• Tone and direction oscillate several times, making it hard to get a read on the series.



read between the lines

Look for or discover a meaning that is implied rather than explicitly stated: reading between the lines, I think Clare needs money
More example sentences
  • One rather gathers, reading between the lines, that he dismissed Piggy as a fool.
  • Even so, one must read between the lines to discover the full impact on her of the long joyless union with Thomas.
  • However, reading between the lines, one can discover criticism of army doctors and the army authorities in general, who above all wanted to maintain discipline and return soldiers to the battlefield.

read someone like a book

Understand someone’s thoughts and motives easily.
Example sentences
  • He is the only person who understands me and can read me like a book without having to turn to page one.
  • Some of those have crowed before that they can read me like a book, that they're great with people and can get to the root of any problem.
  • His mother - and she could read him like a book - had driven him to the barracks gates just seven hours earlier.

read someone's mind (or thoughts)

Discern what someone is thinking: he nodded, as though he could read her mind and approved of her attitude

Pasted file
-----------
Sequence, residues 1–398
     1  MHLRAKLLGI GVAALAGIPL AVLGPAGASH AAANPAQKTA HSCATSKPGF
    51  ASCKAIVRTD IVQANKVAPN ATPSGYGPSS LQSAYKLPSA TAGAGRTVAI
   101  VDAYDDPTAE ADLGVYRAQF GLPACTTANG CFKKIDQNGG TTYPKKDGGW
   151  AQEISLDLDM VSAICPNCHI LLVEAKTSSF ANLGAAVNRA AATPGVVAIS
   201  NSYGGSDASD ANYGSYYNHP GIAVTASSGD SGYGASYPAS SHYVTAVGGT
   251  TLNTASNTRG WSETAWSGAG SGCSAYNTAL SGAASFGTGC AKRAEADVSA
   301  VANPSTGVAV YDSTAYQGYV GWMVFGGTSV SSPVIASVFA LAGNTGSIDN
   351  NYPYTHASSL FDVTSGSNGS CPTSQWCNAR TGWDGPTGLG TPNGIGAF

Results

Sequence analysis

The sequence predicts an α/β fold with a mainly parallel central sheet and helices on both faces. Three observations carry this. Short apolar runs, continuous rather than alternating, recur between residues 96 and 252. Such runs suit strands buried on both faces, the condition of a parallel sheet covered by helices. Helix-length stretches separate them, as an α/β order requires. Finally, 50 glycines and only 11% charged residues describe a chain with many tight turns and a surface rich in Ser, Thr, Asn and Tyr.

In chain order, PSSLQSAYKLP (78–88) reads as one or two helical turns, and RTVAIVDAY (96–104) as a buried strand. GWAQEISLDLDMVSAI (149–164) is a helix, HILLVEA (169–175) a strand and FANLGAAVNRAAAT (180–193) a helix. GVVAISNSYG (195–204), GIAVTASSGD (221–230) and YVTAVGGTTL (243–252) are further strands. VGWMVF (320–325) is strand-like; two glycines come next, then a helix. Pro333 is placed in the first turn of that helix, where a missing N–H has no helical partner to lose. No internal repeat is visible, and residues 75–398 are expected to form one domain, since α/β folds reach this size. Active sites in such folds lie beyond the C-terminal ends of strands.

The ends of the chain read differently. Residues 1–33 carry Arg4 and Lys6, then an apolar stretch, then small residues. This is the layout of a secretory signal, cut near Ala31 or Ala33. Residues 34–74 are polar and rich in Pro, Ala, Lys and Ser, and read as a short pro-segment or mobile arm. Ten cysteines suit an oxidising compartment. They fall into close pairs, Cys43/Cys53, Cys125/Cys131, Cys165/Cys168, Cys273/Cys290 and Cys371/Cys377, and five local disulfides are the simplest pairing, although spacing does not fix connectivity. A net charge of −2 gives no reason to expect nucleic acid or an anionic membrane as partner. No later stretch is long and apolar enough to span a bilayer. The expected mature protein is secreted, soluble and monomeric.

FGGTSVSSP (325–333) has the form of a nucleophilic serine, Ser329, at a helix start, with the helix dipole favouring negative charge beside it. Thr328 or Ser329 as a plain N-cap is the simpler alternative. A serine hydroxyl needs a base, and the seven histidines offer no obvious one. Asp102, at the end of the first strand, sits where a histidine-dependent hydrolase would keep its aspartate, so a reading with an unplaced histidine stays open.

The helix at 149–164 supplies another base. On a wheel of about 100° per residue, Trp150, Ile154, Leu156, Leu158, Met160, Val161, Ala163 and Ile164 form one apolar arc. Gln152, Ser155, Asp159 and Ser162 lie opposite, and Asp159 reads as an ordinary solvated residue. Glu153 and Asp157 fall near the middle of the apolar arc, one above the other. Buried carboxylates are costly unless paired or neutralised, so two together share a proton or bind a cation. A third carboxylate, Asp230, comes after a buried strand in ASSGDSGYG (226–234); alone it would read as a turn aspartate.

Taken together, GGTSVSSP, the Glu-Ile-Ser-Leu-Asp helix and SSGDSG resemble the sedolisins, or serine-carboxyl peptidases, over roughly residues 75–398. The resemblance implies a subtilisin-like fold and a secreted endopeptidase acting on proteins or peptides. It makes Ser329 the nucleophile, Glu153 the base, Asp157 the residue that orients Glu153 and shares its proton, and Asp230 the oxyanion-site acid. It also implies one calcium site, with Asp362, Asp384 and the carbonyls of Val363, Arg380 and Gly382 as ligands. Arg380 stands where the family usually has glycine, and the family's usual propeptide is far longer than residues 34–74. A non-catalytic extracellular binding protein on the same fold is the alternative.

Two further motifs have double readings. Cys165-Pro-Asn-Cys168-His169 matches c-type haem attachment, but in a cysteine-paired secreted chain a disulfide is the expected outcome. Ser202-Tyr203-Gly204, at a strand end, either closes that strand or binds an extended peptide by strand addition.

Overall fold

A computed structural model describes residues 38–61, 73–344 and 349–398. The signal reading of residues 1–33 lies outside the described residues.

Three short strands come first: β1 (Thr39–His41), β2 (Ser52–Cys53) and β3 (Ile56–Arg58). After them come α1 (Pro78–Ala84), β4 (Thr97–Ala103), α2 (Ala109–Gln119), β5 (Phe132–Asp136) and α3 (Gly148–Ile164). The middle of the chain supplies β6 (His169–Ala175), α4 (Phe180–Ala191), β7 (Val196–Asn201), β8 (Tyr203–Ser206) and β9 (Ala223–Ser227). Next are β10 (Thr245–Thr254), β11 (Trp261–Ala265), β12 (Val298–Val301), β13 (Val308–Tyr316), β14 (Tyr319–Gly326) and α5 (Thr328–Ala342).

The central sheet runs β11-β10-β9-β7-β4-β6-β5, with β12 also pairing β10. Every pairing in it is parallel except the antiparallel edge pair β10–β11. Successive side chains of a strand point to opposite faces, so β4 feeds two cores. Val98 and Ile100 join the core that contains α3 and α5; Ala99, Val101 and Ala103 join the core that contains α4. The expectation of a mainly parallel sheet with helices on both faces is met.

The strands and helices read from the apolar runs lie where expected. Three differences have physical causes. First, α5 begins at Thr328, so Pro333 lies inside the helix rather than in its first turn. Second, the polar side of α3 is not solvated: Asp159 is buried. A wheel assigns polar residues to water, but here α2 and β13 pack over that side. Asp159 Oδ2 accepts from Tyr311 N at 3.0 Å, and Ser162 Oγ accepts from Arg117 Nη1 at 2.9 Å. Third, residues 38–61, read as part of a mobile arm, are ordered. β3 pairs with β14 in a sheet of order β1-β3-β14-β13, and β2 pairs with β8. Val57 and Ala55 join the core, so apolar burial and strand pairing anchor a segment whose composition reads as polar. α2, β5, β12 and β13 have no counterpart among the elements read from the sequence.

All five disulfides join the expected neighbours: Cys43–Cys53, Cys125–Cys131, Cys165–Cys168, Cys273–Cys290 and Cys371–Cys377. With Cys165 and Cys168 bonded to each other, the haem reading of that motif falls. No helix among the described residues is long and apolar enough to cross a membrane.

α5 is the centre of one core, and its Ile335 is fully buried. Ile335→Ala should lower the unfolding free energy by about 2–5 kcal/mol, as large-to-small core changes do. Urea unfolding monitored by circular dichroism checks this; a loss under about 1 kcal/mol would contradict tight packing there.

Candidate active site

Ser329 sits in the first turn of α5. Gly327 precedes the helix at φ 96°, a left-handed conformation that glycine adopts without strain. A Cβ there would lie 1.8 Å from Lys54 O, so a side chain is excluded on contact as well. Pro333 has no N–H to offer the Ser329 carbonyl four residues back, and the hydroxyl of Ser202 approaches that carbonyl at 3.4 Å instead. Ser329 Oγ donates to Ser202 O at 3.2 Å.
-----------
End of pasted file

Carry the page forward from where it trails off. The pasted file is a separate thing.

More example sentences
  • Anyone claiming to be a mind reader has definitely not read my mind correctly on this one.
  • You think of a number, the computer reads your mind and guesses the number.
  • When I ask him what sparked his needle-picking mission, he reads my mind.

read my lips

North American informal Listen carefully (used to emphasize the importance of the speaker’s words): forget about him—read my lips, he wasn’t worth it
More example sentences
  • Mr. President, in all due respect, Mr. President, read my lips: Our vote is not for sale.
  • Where are the headlines that says, you know, read my lips, no more surplus?
  • Hey read my lips,’ I said pointing to myself, ‘Friends.’

take something as read

British Assume something without the need for further discussion: you can take it as read that you have the contract
More example sentences
  • The green issue should now be taken as read.
  • It should be taken as read that the software used is capable of finding and correctly identifying any viruses that you may have.